Green-fingered volunteers have been reaching for their spades to transform derelict land into community allotments.
Two Troughs Community Allotment Association inherited 28 rundown plots, near the Bole Hills in Crookes, in March last year, and work most weekends to regenerate the land which was out of use for more than 40 years.
Four core members - Kiran Malhi, Olly Connolly, Josh Bearn and Steph Abiva - have been joined by more than 100 volunteers.
The group hopes to provide space for locals to grow fruit and veg without having to commit to owning allotments, but also says the site can provide a haven for isolated people to enjoy the outdoors.
Kiran, aged 24, of Leppings Lane, Hillsborough, said: “We’d like to do sessions with vulnerable groups and people who suffer from isolation, because being here and outdoors is so good for the soul.
“At the moment we’re thinking asylum seekers and people with mental health problems, but there are all sorts of groups who would like to use allotments for social benefits.”
Volunteers from The University of Sheffield helped to shift scrap, litter and weeds and erect polytunnels, sheds and raised flowerbeds.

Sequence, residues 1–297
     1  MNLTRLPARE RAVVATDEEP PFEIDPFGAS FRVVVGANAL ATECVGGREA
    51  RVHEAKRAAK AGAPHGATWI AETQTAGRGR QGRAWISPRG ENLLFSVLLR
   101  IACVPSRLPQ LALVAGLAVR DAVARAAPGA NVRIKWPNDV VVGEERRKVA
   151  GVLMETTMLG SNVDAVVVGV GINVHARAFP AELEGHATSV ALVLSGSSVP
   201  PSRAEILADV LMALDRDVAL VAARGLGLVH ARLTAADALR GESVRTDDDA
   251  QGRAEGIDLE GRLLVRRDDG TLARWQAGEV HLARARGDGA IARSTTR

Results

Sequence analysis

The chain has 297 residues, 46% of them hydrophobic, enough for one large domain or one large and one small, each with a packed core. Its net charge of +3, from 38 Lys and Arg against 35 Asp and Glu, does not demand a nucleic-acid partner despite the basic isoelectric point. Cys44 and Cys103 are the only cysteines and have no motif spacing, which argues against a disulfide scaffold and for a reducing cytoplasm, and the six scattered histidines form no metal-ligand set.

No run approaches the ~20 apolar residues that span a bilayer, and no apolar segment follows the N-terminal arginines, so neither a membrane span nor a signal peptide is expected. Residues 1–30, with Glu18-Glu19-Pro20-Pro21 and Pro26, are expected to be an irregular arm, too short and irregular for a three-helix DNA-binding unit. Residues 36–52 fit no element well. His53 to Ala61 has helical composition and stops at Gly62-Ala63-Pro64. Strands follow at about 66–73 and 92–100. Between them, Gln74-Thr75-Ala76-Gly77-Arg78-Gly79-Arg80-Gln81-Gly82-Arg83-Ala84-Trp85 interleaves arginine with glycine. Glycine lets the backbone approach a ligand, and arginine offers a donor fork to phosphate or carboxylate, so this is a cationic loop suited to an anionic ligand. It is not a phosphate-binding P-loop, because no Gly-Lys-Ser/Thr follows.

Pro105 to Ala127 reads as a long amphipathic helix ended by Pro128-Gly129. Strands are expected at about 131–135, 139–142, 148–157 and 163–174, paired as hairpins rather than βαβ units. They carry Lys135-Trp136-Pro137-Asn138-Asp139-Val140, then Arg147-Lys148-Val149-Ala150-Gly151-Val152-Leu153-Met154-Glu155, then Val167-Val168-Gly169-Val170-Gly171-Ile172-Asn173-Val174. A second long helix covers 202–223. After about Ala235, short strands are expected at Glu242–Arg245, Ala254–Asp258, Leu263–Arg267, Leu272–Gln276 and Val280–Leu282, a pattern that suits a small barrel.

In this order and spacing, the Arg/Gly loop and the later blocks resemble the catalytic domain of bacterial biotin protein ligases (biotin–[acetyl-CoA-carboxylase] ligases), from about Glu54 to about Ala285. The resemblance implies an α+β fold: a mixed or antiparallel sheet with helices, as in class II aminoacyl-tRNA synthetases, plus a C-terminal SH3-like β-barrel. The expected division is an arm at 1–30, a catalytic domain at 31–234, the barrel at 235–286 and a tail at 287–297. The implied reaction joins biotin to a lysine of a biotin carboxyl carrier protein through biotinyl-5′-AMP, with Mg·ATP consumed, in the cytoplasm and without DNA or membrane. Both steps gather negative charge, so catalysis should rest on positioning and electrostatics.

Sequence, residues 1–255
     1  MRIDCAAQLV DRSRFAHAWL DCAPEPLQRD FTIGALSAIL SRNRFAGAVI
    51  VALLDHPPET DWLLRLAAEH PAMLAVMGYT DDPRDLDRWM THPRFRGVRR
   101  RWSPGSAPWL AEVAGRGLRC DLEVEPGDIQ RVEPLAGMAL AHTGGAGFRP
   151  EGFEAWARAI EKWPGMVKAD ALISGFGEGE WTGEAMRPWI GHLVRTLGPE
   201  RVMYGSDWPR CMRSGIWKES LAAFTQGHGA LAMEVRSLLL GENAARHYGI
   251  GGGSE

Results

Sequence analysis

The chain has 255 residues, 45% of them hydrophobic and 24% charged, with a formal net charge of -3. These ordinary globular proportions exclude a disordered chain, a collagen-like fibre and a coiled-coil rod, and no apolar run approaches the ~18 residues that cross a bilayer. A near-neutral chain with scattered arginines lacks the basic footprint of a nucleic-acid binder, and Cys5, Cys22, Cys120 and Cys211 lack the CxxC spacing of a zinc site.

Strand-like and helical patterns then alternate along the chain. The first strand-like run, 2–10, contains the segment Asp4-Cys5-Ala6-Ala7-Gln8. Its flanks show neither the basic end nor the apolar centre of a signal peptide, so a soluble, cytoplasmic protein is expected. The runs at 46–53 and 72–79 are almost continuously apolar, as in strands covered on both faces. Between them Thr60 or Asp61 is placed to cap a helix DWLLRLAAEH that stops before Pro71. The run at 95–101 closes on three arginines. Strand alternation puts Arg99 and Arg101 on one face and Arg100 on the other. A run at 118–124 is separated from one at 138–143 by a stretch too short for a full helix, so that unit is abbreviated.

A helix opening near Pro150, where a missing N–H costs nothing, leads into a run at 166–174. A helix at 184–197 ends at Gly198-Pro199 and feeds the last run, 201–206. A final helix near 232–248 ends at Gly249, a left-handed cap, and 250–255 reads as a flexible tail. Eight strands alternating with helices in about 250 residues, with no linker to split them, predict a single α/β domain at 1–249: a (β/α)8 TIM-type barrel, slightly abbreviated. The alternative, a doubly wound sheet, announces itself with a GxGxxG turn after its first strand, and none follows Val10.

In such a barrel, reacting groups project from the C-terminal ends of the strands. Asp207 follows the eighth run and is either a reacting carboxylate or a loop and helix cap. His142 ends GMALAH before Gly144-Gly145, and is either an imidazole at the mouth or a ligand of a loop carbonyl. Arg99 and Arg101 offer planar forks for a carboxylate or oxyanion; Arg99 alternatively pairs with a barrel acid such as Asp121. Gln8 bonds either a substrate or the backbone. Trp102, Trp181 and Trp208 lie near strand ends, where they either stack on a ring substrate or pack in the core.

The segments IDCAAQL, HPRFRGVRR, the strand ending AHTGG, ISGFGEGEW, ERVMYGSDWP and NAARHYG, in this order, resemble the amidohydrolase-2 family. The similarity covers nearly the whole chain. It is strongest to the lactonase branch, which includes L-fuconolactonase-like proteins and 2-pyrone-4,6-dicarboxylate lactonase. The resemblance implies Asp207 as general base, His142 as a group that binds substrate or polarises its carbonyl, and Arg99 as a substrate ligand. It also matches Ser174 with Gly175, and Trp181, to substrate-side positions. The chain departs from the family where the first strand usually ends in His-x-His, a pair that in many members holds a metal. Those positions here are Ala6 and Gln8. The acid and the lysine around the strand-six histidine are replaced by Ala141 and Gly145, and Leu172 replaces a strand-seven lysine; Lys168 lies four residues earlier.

And despite a poor growing season the site has already yielded a harvest of potatoes, onions, carrots, swedes and herbs.
Treasurer Olly Connolly, 34, said transforming the land after four decades of disuse had been daunting.
“The thought and the sight of it was quite overwhelming to begin with, but we slowly started to clear plots,” said Olly, of Broomspring Lane, Broomhall.
“We’ve had groups come on board, families from Crookes who want a child-friendly allotment, St Thomas’ Church who come up with vulnerable people, and a youth group from Parson Cross. It has been amazing.”
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